WASHINGTON (AP) — President Donald Trump, signaling a potential shift on a signature issue, indicated Tuesday that he’s open to immigration legislation that would give legal status to some people living in the U.S. illegally and provide a pathway to citizenship to those brought to the U.S. illegally as children.
    The president, in a lunch with news anchors ahead of his address to Congress on Tuesday night, said, “The time is right for an immigration bill as long as there is compromise on both sides.” A person with knowledge of the discussion confirmed his comments to The Associated Press on the condition of anonymity.
    Trump campaigned as an immigration hardliner, vowing to build a wall along the U.S.-Mexico border and pledging to step up deportations. Since taking office, some of his policy moves have hewed closely to those promises, including new guidance from the Department of Homeland Security that would subject any immigrant in the country illegally to deportation if they are charged or convicted of any offense, or even suspected of a crime.

  • Bandelier featured in ‘Getaways’

    The National Park Service website includes a section called National Park Getaways, in which a different NPS area is featured each month. 
    Beginning today, Bandelier National Monument will be the highlighted park, with an article and photos, all submitted by local rangers. 
    The section can be found at nps.gov/planyourvisit/getaways or by searching “National Park Getaways.”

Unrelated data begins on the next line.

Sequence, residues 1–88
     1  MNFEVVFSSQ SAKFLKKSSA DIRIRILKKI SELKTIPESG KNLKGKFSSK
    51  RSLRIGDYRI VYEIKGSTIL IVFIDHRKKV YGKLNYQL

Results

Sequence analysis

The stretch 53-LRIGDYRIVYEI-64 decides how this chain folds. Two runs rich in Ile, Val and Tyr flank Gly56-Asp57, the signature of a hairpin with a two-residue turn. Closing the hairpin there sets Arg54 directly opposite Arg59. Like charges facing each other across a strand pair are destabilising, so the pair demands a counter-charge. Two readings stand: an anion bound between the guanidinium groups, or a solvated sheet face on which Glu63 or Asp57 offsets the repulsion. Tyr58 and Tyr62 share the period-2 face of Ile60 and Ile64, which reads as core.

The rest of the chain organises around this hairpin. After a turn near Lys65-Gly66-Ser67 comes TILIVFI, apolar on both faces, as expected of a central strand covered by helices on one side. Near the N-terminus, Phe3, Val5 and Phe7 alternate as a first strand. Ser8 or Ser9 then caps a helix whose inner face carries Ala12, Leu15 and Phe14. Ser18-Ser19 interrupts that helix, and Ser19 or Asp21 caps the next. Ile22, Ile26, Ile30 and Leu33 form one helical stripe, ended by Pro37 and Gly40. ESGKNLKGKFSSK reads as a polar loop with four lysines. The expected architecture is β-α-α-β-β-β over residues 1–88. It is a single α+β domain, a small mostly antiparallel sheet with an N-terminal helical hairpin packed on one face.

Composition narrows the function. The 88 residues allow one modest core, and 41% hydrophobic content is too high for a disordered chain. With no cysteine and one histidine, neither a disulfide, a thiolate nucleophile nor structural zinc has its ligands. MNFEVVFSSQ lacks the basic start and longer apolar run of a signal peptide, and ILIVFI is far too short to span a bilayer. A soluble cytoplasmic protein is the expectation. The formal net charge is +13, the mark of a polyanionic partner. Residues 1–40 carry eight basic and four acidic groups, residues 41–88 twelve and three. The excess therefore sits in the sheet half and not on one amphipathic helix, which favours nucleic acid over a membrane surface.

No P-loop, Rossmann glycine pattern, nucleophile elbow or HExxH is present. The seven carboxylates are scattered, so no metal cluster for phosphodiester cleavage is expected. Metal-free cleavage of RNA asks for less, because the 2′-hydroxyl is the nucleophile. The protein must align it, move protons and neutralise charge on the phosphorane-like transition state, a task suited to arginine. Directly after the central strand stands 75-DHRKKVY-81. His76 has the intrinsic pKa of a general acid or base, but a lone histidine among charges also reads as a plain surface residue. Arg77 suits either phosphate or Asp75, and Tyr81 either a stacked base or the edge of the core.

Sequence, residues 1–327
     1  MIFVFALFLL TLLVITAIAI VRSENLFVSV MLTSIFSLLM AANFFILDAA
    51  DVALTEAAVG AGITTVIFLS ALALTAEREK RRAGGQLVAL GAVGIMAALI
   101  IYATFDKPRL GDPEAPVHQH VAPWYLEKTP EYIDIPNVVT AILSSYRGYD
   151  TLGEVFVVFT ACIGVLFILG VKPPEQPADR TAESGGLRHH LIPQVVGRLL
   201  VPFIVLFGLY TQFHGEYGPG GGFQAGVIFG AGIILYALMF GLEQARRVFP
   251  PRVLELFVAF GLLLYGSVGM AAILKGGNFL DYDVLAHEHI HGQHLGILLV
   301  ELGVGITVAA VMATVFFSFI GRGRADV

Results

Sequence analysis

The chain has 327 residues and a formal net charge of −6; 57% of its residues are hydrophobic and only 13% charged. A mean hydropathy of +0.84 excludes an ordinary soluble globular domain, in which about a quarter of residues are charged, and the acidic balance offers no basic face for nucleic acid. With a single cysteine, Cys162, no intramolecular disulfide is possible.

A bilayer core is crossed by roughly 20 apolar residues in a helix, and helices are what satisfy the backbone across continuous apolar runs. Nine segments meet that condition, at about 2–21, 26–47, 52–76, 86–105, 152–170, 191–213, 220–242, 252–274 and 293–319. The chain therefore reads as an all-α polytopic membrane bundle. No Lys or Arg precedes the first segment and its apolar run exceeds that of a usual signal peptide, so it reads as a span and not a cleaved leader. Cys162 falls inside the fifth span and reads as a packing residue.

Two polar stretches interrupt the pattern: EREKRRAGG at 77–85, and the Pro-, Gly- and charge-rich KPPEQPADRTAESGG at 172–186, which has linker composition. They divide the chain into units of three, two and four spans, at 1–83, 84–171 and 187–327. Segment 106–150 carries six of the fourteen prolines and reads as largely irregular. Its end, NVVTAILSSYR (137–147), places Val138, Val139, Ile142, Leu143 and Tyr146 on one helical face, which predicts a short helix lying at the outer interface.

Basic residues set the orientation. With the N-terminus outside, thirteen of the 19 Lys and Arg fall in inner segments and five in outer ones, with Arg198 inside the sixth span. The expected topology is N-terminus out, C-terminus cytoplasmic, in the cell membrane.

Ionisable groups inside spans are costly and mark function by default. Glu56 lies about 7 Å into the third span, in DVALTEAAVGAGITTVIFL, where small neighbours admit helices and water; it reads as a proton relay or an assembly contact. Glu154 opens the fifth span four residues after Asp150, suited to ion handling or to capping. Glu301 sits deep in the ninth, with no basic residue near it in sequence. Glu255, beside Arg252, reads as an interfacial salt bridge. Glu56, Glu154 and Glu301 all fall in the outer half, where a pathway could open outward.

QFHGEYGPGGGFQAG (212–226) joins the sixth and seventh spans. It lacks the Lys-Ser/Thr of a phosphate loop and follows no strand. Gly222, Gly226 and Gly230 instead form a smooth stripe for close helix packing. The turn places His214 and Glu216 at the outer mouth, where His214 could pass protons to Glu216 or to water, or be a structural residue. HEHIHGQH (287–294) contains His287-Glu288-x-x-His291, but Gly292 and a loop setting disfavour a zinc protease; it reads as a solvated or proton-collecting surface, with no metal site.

The NPS has posted writeups of different park areas at this location since 2009, and at this point there are over 250 available. 
    This is a great source for ideas for upcoming spring break trips, summer vacations, or other chances for a “getaway” to enjoy some of America’s most outstanding places, including Bandelier National Monument.

  • Automatic voter reg changed, stripped of purpose

    The New Mexican

  • SFNF to hold meetings on new forest plan

    The Santa Fe National Forest (SFNF) will host a one-day technical meeting and four public meetings between today and March 7, on the next phase of the multi-year effort to revise the comprehensive plan that will guide forest management, use and protection for the next 10 to 15 years.
    This round of public meetings will focus on alternatives to the draft plan and management areas.
    • Alternatives to the draft plan. Under the National Environmental Policy Act (NEPA), the draft Environmental Impact Statement for the new forest plan will include analysis of the draft plan and alternatives to the proposed action. Alternatives will explore different scenarios and priorities to meet the overall goals for forest plan revision.
    • Management areas. Management areas are separate areas identified in the forest plan to be managed differently than the rest of the forest, such as eligible wild and scenic rivers, interpretive heritage trails, wildlife protection areas or oil and gas leasing areas.
    This round of public meetings will give members of the public the opportunity to learn more about alternatives and management areas, including the criteria used to define an eligible wild and scenic river, and provide input to the process.